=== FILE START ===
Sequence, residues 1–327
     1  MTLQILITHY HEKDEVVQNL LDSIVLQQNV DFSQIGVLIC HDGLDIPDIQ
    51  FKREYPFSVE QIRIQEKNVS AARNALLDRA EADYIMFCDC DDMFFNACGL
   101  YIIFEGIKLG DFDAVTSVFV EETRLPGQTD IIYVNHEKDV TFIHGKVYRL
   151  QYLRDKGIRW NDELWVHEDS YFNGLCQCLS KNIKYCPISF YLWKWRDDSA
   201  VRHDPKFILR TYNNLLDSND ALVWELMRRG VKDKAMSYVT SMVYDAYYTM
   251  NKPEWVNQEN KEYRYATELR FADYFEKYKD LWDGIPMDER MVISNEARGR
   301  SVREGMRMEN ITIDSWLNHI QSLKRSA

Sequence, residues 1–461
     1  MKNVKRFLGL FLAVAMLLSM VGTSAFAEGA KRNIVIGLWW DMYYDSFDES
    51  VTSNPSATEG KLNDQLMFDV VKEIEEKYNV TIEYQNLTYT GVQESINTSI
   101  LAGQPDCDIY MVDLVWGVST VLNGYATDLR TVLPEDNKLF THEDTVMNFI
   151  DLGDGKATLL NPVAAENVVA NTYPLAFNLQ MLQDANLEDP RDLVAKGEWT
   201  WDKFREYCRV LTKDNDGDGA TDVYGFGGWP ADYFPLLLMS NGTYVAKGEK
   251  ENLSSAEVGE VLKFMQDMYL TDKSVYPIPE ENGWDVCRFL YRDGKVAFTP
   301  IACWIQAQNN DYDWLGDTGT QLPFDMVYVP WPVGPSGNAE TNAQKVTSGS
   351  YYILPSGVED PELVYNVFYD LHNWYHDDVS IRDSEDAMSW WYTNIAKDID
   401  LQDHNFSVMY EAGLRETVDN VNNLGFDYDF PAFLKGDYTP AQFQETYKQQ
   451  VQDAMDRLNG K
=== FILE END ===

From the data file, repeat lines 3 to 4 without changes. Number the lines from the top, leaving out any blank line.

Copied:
    51  FKREYPFSVE QIRIQEKNVS AARNALLDRA EADYIMFCDC DDMFFNACGL
   101  YIIFEGIKLG DFDAVTSVFV EETRLPGQTD IIYVNHEKDV TFIHGKVYRL